And when Rev. Dr. King warned in 1967 and 1968 that the poor of the US were living in “a cruel and unjust society,” it was also a time of so-called prosperity for many more Americans. It was a period of an expanding pie and an expanding safety net. Many of my foremothers in the Welfare Rights Movement fought and won welfare benefits and other gains in the 1960s, insisting that the economic growth of the 1950s and 1960s needed to be shared with poor Black and Latina women who had contributed much to the whole of society. Dr. King’s critique of Johnson’s War on Poverty was that it had been turned into a skirmish because of the Vietnam War and the gap between haves and have-nots was growing. There was wealth and prosperity in society and it could have been shared with everyone. But something happened in the late 1960s and 1970s. The gap between rich and poor started to grow ever more quickly. A rising tide didn’t lift all boats. It lifted only the yachts and swamped all the rest.
The poor were the canaries in the coal mine; they indicated then (in 1967 Alabama and 1998 West Virginia), as they do now, the very direction that our whole society is heading in. They warned us, much like Luke 23, that the direction of our society, characterized by a polarizing prosperity where 1% of the richest will soon control more wealth than 99% of the poorest, would continue to cause undue and soul-crushing poverty and suffering for so many of God’s children.
This quote was applicable in Selma, Alabama and Frogmore, South Carolina in 1967-68; it was applicable in West Virginia in the 1990s; it is still applicable in Alabama and the entire United States in 2015. We see the suffering of millions around us. In the words of Poverty Initiative Scholar in Residence and Coordinator of Poverty Scholarship and Leadership Development for the Kairos Center, Willie Baptist, we are experiencing unheard of abandonment in the midst of unprecedented abundance.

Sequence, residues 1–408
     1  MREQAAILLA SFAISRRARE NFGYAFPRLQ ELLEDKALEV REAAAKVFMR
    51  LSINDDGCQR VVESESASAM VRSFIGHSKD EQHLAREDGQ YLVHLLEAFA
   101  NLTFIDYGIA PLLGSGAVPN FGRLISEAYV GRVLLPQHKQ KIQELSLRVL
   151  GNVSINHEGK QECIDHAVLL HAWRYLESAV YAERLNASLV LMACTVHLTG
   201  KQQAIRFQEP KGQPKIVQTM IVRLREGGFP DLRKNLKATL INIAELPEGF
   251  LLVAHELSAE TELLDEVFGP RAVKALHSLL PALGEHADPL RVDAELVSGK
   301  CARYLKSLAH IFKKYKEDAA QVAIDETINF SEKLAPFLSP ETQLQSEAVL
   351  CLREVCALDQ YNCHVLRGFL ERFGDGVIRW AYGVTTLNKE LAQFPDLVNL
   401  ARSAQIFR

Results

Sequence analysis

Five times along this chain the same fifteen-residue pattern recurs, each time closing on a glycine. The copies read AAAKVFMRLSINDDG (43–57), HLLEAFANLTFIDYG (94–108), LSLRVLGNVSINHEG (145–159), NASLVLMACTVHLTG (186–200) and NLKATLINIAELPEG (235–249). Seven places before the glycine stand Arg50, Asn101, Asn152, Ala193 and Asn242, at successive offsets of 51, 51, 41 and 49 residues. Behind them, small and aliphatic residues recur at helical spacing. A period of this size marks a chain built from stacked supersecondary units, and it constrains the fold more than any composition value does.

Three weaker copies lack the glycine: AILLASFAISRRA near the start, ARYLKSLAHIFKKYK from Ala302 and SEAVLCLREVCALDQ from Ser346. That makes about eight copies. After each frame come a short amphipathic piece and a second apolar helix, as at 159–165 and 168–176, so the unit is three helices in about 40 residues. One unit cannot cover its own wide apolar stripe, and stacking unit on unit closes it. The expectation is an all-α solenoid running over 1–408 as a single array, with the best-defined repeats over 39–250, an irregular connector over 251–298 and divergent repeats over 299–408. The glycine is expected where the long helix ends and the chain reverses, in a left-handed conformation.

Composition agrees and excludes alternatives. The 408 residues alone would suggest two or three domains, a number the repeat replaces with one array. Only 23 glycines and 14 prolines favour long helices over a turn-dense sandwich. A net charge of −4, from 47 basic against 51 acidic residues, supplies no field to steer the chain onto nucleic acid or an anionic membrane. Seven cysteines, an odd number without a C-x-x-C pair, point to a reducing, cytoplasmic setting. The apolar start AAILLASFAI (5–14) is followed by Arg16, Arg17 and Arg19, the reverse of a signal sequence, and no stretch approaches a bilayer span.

As this passage in Luke 23 begins, we hear the weeping of the daughters of Jerusalem. These cries are much like those of the defrauded workers from James 5. These daughters are heard all the way from Jerusalem to North Carolina to West Virginia to Alabama. We will hear this weeping in the Community Hearing. We heard it at the Moral March when brothers of recently murdered young people spoke out against the violence and injustice taking place in North Carolina. But this crying and death does not have the last word. We must return to the Book of James and work to combine our words and our deeds; we must hold the rich oppressors of our day responsible and remind everyone that injustice anywhere is a threat to justice everywhere. Indeed we are raising certain basic questions of our whole society. And the poor are answering in a deeply moral movement of justice for all.